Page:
The High Court in Mombasa on Friday nullified the election of Transport Minister and Matuga MP Chirau Ali Mwakwere by holding that the voting exercise in the constituency was not free, fair and transparent.
The judge, Justice Mohammed Ibrahim, in a 93 page ruling, said that Mr Mwakwere was not validly elected as the Matuga MP since breaches of the election rules affected the outcome of the final results.
The minister becomes the third lawmaker to lose his parliamentary seat after Mr Joel Onyancha and Mr Omingo Magara.
After the ruling, the judge directed that a certificate be issued to the Speaker of the National Assembly, and ordered the Interim Independent Electoral Commission (IIEC) to proceed to conduct a by-election as required by law.
Commenting on the outcome of the petition, Mr Mwakwere said that he could not predict the decision of the court as his lawyers did their best to argue the case.
“I will however consult with them on the decision and wait for their direction. I cannot say much for now, as I have to wait for advice from them,” he said.
On his part, the petitioner Ayub Juma Mwakesi said he was grateful to God for the outcome and noted that he was feeling relieved, saying that he had received numerous threats from anonymous people over the petition.
“I also thank the court for the freedom and independence. Had it been in the past, powerful people could have interfered with the trial,” he said.
He said the judgment had served justice to the people of Matuga.
Though Mr Hassan Mohammed Mwanyoha (Orange Democratic Movement) was declared the loser in the December 2007 election, the court said was the legitimate winner.
Mr Mwanyoha said he was happy that justice was delivered.
“I thank God and my supporters who gave me their support and I can now say that justice never fails,” he said.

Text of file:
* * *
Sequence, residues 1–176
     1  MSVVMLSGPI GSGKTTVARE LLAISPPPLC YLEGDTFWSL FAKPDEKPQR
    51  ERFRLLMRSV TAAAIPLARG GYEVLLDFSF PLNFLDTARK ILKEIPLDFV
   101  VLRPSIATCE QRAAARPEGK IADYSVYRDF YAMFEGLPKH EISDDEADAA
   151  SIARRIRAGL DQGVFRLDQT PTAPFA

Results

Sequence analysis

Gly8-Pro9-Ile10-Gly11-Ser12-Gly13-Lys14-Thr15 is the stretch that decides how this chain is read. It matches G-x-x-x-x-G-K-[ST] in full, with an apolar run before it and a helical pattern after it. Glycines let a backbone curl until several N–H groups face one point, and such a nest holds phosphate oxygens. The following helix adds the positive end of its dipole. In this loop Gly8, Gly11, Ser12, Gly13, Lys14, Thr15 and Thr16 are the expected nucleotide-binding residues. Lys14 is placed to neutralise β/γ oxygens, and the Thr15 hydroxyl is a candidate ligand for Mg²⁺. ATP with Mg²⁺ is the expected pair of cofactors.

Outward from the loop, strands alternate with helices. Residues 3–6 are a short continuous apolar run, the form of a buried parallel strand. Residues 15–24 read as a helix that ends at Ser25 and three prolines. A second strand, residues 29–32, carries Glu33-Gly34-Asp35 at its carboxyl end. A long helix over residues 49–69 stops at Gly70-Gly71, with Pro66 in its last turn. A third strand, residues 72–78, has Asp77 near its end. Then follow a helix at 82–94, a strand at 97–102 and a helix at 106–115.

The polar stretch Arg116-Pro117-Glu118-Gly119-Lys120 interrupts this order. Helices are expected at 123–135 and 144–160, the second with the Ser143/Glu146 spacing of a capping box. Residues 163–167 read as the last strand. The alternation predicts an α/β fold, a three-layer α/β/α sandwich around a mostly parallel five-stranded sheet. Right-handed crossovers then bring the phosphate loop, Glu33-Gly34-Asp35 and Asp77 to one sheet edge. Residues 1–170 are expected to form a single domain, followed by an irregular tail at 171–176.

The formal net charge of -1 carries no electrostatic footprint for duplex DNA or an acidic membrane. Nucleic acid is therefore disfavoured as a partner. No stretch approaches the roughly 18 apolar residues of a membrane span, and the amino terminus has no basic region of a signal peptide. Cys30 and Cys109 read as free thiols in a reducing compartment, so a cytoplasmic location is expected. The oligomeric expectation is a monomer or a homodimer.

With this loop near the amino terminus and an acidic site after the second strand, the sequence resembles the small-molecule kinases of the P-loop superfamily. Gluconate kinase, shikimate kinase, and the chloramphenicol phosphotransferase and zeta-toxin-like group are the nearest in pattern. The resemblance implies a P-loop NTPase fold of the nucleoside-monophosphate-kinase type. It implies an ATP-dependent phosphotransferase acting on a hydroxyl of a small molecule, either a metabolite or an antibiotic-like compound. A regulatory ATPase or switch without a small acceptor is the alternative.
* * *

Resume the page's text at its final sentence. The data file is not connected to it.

The case was filed on January 23, 2008 by Mr Mwakesi as an aggrieved voter who sought to nullify the elections on the grounds that they were fraudulent and in breach of the law.
He mainly based his grounds on the fact that the returning officer Mr Ali Maalim cancelled the results of two polling stations, Kombani A and B, in which his candidate Mr Mwanyoha was leading.
Mr Maalim declared Mr Mwakwere the winner with 8,368 votes, while Mr Mwanyoha garnered 8,328 votes, with the exclusion of the votes from the two polling stations. At Kombani A, Mr Mwakwere got 78 votes, while Mr Mwanyoha got 452, and 22 and 100 votes respectively at Kombani B.
But according to evidence adduced in court, the returning officer cancelled the presidential, parliamentary and civic results for both streams on the grounds that they were fraudulent.
However ,an Electoral Commission of Kenya officer who testified during the trial said that the returning officer did not have the legal power to open the envelops of the counted ballots as he could not carry a recount, and therefore did not have the power to cancel the votes in the manner he did.
“I have carefully considered the evidence of the witness and I found it to be credible, honest and clear,” Justice Ibrahim noted.
A simple arithmetic, according to the judge, showed that if the Kombani votes were included, Mr Mwanyoha would have led with 8,880, while Mr Mwakwere would have garnered 8,378 votes, thereby giving a difference of 142 votes.
“I therefore hold that the cancellation of the results as the two streams was unlawful and illegal as the returning officer did not have the power, mandate or jurisdiction to do what he did. It is only the presiding officer who could order and carry out a recount at the polling station of the disputed, spoilt and undisputed votes,” the judge noted.
He added: “I do hold there was non-compliance with the written law and the election was not carried out with the principles laid down in law.”
In the end, Justice Ibrahim noted that the petition was proof that the ECK deserved to be disbanded as it was the mother of all chaos and mayhem that followed the elections in 2007.